Oldham, Jackie; orcid: 0000-0001-5857-9551; email: jackie.oldham@manchester.ac.uk; Herbert, Julia; Garnett, Jane; Roberts, Stephen A. (Springer Berlin Heidelberg, 2021-08-20)
      Abstract: Aims: To compare current General Medical Practitioner treatment as usual (TAU) for the treatment of female urinary incontinence with a novel disposable home electro-stimulation device (Pelviva). Methods: Open label, Primary Care post-market evaluation. 86 women with urinary incontinence were randomly assigned to one of two 12-week treatments: TAU or Pelviva for 30 min every other day plus TAU. Outcome measures included ICIQ-UI (primary), PISQ-IR, PGI-S / PGI-I and FSFI (secondary) at recruitment and immediately after intervention, 1-h pad test at recruitment and usage diaries throughout. Results: Pelviva plus TAU produced significantly better outcome than TAU alone: 3 versus 1 point for ICIQ-UI (Difference − 1.8 95% CI: − 3.5 to − 0.1, P = 0.033). Significant differences were also observed for PGI-I at both 6 weeks (P = 0.001) and 12 weeks (P < 0.001). In the Pelviva group, 17% of women described themselves as feeling very much better and 54% a little or much better compared to 0% and 15% in the TAU. Overall PISQ-IR score reached statistical significance (P = 0.032) seemingly related to impact (P = 0.027). No other outcome measures reached statistical significance. Premature termination due to COVID-19 meant only 86 women were recruited from a sample size of 264. TAU did not reflect NICE guidelines. Conclusions: This study suggests Pelviva is more successful than TAU in treating urinary incontinence in Primary Care. The study had reduced power due to early termination due to COVID-19 and suggests TAU does not follow NICE guidelines.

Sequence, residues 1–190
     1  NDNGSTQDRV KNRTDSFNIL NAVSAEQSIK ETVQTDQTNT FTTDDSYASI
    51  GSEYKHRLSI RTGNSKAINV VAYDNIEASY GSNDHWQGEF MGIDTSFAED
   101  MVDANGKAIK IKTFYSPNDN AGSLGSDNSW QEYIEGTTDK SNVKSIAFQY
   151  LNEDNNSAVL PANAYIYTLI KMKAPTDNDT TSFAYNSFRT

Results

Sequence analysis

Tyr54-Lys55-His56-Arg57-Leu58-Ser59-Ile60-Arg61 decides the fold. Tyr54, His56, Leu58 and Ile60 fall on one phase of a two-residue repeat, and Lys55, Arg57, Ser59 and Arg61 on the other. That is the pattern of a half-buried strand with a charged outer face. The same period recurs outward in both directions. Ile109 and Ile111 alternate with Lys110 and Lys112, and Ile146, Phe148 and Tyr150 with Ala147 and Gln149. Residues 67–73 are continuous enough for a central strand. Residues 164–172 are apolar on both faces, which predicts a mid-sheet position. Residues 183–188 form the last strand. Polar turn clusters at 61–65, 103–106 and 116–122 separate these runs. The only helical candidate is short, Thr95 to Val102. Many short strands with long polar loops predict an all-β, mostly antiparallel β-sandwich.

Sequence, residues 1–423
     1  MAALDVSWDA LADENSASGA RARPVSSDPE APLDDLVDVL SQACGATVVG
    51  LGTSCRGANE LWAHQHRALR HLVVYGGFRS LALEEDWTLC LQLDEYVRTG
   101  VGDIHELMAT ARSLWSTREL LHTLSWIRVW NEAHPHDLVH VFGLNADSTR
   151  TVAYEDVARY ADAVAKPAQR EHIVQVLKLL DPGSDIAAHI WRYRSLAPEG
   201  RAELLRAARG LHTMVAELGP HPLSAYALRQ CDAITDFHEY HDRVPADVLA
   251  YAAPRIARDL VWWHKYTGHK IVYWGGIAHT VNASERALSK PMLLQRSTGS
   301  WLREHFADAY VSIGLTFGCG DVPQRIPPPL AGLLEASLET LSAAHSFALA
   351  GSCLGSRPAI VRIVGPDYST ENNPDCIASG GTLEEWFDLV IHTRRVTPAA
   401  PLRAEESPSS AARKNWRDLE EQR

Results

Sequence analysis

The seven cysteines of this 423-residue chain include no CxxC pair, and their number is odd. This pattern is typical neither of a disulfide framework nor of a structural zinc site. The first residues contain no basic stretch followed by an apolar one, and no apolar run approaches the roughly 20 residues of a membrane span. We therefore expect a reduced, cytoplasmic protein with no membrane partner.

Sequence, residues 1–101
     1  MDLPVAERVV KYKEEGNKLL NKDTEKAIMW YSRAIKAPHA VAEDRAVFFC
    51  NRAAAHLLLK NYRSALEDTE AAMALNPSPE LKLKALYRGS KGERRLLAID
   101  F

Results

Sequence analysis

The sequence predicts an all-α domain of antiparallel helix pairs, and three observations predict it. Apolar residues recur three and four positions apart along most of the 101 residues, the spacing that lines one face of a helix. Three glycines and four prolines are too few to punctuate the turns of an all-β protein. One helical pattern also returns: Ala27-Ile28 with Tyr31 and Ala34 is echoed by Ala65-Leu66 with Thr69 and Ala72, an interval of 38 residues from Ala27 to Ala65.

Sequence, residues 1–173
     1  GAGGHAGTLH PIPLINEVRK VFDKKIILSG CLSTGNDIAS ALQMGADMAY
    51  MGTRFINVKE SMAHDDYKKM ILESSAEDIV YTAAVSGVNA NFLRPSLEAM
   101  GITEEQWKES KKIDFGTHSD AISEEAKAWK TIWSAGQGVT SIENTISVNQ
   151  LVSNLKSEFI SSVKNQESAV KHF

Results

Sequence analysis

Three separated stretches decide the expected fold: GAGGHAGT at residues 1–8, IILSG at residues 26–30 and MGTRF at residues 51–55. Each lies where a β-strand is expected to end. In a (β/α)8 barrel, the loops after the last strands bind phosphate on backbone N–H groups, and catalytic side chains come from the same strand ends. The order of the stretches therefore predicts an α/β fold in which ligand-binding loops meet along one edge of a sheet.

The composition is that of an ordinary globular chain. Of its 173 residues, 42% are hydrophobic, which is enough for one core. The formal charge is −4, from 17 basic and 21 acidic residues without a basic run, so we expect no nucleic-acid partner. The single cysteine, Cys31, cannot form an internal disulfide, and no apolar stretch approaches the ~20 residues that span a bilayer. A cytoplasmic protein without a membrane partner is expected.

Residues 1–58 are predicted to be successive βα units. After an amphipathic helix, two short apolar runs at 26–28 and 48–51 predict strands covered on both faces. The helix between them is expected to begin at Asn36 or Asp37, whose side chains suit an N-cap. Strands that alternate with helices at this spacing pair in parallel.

• Effects of a disposable home electro-stimulation device (Pelviva) for the treatment of female urinary incontinence: a randomised controlled trial.

      Oldham, Jackie; orcid: 0000-0001-5857-9551; email: jackie.oldham@manchester.ac.uk; Herbert, Julia; Garnett, Jane; Roberts, Stephen A (2021-08-20)